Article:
- Voluntary Conservation Efforts continue to show water quality success inOklahoma.
- Oklahoma’s voluntary approach using the partnership of the Conservation Commission, local conservation districts and the USDA Natural Resources Conservation Service (NRCS) is working well.
- Approximately 500 streams statewide are monitored on a rotating basis every five years.
Voluntary actions taken by Oklahoma’s farmers, ranchers and other landowners in partnership with the Oklahoma Conservation Commission, the USDA Natural Resources Conservation Service (NRCS) and local conservation districts to reduce non-point source pollution in water has led to the recommendation that eleven Oklahoma streams be removed from the federal list of “impaired” water bodies and that over 150 additional targeted streams and stream segments now not be listed for any water quality impairments according to Senator Ron Justice, R-Chickasha, Chair of the Oklahoma State Senate Natural Resources Appropriations Sub-Committee.
“We are very excited that eleven more Oklahoma streams have been targeted for removal from the state impaired-waters list and that we have been able to keep even more streams from going on that list,” Justice said. “We are proud of the real progress we are making in improving water quality in Oklahoma and we are proud that we are doing it in a way that solves the problem while respecting landowners’ private property rights.”
Representative Don Armes, R-Faxon, Chairman of the House Natural Resources Appropriations Sub-committee agreed, noting that this continued success in improving water quality shows that Oklahoma’s voluntary approach using the partnership of the Conservation Commission, local conservation districts and the USDA Natural Resources Conservation Service (NRCS) is working well.
“By using the Conservation Partnership as our delivery system to get best management practices on the ground, we have been able to get USDA conservation programs, Environmental Protection Agency (EPA) clean water programs and state conservation dollars working together. By using Federal Clean Water Act Section 319 dollars from the EPA in conjunction with Farm Bill Conservation Program dollars from USDA NRCS, combined with water monitoring from the Conservation Commission and the local leadership provided by our conservation districts, we have been able to partner with landowners in ways that are turning the corner on some of our toughest water quality challenges,” Armes said.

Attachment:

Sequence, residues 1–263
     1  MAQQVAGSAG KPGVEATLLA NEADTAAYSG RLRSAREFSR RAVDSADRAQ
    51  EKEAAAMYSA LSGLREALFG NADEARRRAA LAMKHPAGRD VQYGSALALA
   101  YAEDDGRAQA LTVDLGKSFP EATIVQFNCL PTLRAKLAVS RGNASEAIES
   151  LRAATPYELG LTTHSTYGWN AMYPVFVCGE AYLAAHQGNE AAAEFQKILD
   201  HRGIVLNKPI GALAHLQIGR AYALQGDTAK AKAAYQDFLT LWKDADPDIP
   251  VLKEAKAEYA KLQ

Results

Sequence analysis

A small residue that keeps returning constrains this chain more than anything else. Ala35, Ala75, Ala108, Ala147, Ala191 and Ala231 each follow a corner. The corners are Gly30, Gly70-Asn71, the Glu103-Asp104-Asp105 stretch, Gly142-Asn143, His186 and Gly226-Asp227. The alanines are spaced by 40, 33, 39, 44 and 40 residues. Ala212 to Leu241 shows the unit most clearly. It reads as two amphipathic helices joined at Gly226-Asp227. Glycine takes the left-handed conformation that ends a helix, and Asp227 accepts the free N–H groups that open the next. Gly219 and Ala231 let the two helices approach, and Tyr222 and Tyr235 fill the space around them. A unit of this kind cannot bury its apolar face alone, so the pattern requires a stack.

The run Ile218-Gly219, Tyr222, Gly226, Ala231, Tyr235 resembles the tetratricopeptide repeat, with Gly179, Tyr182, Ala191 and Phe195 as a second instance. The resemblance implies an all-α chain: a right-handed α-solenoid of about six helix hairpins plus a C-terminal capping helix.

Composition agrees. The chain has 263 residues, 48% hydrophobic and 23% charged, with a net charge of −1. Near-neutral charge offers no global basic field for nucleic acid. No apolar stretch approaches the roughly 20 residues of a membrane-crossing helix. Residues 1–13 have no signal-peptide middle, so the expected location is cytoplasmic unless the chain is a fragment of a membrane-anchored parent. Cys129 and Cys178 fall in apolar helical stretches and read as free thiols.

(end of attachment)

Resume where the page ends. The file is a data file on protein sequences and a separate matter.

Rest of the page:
“We’re not only controlling pollution, but we also are taking into consideration the financial situation of the local landowners. Clearly Oklahoma has a great model.”
According to the lawmakers, approximately 500 streams statewide are monitored on a rotating basis every five years by the Oklahoma Conservation Commission to determine if they are attaining water quality standards, particularly those impaired by nonpoint or diffuse sources. This information, along with other agency efforts, is then used to determine Oklahoma’s proposed impaired-waters list, which is then submitted to the EPA for review and final approval. The water bodies put on this list then compromise what is commonly referred to as the state 303(d) list.
Last spring eight Oklahoma streams had seen enough reduction in non-point source pollution to be removed from the 303(d) list. In addition, another 170 streams were not placed on this list due largely to the work done by agriculture producers and other landowners to address non-point source issues in their watersheds.
According to Clay Pope, Executive Director of the Oklahoma Association of Conservation Districts (OACD), this recommendation of eleven more streams to come off of the state’s 303(d) list shows that Oklahoma’s approach to non-point source pollution control, using voluntary, incentive based programs that work cooperatively with agriculture producers and other landowners is working.
“Our efforts in the area of water quality are truly bearing fruit,” Pope said. “If you look at the success we have had in Oklahoma and compare it to the results shown by other states, Oklahoma clearly has one of the best if not the best non-point source pollution reduction program in the country.
“In 2010, Oklahoma led the nation in the reduction of phosphorous from our water and we were number three in reducing the nitrogen level in our water. This past year we were number one in reported reductions from both phosphorus and nitrogen. This is a real testament to what we can accomplish when state and federal governments give us the resources necessary to allow this kind of cooperative work to take place on the ground and we are hopeful that we will continue to see the level of support necessary from our policy makers to keep showing this level of success.”